Logistics group acquisition promises increased investment, operational ramp-up in Mozambique, ...
File photo: Lusa
The World Bank has announced the launch of public consultations to review its operational strategy for Mozambique for the 2023-2027 period, the banking institution announced in a statement issued on Tuesday (24-05).
“The consultations include meetings at government level, with development partners and civil society organisations,” among others, and will help define “the composition and volume of investments, as well as the indicative package of reforms”, the World Bank announces.
The strategy will also include institutional training programs, technical assistance and analytical studies.
The total investment portfolio of the International Development Association (IDA), the banks’ financing arm for Mozambique, amounts to US$4.1 billion (€3.8 million) in national projects and US$1 billion (€930 million) in regional projects, the statement reveals.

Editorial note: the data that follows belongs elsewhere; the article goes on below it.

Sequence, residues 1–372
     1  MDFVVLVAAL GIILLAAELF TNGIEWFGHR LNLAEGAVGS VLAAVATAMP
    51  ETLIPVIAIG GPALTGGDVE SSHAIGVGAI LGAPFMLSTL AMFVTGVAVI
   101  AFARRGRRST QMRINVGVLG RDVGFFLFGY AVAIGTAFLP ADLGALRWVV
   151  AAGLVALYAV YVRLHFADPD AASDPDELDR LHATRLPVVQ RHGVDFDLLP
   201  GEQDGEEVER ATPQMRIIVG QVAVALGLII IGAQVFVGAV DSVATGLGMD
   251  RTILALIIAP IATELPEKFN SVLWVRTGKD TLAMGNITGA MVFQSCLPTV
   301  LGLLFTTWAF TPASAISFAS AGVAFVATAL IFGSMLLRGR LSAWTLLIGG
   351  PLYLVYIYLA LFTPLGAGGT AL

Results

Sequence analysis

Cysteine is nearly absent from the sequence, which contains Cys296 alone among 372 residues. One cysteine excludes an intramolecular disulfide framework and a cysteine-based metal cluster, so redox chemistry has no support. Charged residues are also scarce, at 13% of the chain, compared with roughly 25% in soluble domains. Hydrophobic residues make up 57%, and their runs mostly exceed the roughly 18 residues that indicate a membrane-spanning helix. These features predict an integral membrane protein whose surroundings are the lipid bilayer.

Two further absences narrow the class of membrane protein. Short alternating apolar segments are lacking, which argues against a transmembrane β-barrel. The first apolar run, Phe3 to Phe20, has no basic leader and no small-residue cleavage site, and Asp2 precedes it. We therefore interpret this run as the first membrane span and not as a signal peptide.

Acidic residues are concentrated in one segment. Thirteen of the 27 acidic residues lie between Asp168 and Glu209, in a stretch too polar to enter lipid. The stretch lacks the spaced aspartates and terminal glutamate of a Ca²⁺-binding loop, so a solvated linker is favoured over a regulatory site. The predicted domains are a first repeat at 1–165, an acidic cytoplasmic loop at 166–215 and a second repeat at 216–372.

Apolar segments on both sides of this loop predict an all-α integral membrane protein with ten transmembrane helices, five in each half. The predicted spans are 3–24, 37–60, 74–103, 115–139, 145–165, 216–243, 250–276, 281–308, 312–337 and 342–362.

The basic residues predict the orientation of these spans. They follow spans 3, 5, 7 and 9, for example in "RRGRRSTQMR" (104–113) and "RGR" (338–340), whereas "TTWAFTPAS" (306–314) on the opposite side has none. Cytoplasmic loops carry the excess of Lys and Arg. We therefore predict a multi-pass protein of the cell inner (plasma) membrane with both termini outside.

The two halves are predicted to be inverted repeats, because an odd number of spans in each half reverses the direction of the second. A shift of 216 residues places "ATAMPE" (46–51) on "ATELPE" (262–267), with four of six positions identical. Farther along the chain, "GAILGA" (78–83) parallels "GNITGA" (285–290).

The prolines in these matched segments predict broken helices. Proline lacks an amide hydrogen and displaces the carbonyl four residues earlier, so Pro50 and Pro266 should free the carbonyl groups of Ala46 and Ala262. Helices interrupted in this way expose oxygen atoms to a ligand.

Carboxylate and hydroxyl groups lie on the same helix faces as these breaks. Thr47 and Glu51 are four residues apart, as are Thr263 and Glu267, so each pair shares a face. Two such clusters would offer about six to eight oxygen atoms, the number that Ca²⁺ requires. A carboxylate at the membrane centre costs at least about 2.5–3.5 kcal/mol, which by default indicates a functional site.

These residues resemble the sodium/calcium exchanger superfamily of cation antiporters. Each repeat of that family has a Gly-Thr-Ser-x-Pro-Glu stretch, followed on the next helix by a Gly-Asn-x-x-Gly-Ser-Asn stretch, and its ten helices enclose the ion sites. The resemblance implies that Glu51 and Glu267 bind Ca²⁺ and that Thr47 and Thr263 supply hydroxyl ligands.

“Preparing the strategy involves reviewing lessons from the implementation of the previous strategy; alignment with the country’s own priorities defined in its strategies; and a review of the Bank’s corporate priorities. The strategy is informed by relevant World Bank studies and reports, notably the Systematic Country Diagnostic, among other documents,” it continues.
“The public consultations aim: to obtain input on the objectives stated in the draft strategy to be discussed at the consultation meetings; collect contributions to deepen the subcomponents of each objective; improve the focus and responsiveness of the Bank’s new emerging portfolio to country-specific development challenges; and better define the financing portfolio and other areas of country support,” the paper concludes
The World Bank considers Mozambican public debt “sustainable” thanks to the prospects for gas exports, although pressures on the country’s economy remain high. It advocates a “structural transformation” to generate greater economic growth and job creation.
These positions are contained in a document called a ‘Country Partnership Framework’, to which Lusa had access on Monday, and which is part of a batch of working documents preparing the forthcoming years’ cooperation.
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